Despite what your eyes see, sugar doesn't actually disapear when it is mixed with a liquid, but it does temporarily dissolve. Sugar crystals are comprised of low-energy molecules, and when higher energy--in various forms--is applied to them, they become agitated and separate from the crystal form. The sugar molecules are still in the liquid and, in fact, can be harvested again by simply allowing the liquid to evaporate. Sugar molecules separate more quickly in some liquids than others, depending upon the viscosity of the liquid. Other factors, including heat, will also cause sugar to dissolve faster.
Loose sugar will dissolve faster in liquid than sugar cubes, because more of the surface area of the sugar crystal is exposed to the liquid. To dissolve sugar cubes more quickly, crush them up or break them into small pieces before adding them to your liquid.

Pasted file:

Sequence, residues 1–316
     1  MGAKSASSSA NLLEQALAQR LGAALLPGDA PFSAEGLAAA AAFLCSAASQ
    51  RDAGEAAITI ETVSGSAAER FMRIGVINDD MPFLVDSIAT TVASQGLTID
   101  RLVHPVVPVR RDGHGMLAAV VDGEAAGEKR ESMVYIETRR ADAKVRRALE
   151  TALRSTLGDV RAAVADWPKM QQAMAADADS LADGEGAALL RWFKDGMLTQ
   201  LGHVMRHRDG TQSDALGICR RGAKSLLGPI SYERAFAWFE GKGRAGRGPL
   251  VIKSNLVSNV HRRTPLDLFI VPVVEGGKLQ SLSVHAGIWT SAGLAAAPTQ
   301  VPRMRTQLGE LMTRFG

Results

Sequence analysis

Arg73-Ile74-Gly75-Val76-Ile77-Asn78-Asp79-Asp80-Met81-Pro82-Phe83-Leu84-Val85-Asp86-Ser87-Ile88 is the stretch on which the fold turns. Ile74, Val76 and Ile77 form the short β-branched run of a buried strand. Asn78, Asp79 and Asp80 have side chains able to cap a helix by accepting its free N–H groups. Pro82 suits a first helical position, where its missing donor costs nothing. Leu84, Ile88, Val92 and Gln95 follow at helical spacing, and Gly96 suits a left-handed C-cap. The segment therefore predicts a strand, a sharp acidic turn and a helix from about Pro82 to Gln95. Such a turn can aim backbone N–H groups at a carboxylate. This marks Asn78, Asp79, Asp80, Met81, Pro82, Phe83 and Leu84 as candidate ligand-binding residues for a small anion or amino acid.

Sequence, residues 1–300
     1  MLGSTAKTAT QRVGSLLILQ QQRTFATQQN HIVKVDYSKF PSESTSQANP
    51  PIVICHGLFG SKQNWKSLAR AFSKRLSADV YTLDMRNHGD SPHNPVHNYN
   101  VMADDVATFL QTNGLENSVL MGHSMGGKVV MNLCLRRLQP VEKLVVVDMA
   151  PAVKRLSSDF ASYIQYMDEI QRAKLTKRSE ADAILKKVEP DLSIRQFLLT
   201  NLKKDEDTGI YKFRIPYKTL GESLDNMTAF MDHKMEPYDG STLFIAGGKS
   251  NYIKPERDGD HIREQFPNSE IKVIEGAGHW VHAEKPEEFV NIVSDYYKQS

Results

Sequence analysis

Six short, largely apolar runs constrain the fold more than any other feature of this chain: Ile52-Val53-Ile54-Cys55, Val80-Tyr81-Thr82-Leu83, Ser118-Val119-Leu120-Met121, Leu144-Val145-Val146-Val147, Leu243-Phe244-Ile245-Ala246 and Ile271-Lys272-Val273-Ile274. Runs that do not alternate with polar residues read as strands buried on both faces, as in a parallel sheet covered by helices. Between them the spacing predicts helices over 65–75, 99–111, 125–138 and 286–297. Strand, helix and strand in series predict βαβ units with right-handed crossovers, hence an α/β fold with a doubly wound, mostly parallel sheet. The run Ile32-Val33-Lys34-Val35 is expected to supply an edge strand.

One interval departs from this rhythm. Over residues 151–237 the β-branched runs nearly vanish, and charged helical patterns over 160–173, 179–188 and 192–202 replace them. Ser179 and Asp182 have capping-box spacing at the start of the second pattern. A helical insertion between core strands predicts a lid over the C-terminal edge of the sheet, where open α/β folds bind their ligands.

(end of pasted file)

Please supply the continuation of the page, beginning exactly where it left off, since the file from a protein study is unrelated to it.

Sugar dissolves more quickly in a hot liquid than in a cold liquid, because the molecules of the hot liquid are more active those of the cold liquid. To dissolve your sugar more quickly, heat your liquid in a saucepan or in the microwave before adding the sugar.
Stir the liquid--hot or cold--with a spoon to dissolve the sugar more quickly. Stirring the liquid increases exposure of the surface of the sugar crystals to the abrading effect of the liquid as they pass through it.
If the sugar does not continue to dissolve, add more liquid. Liquid can reach a saturation point, at which there is no more space for the sugar molecules to occupy. Adding more water gives the sugar more room, and it will dissolve.
Sugar dissolves more effectively in thinner liquid--like water--than in thicker liquid--like oil--because there is more room for the sugar molecules to occupy in the thinner liquid. Finely ground crystals of sugar dissolve more effectively than coarser ground sugar crystals.
Brown sugar does not dissolve as effectively as white sugar.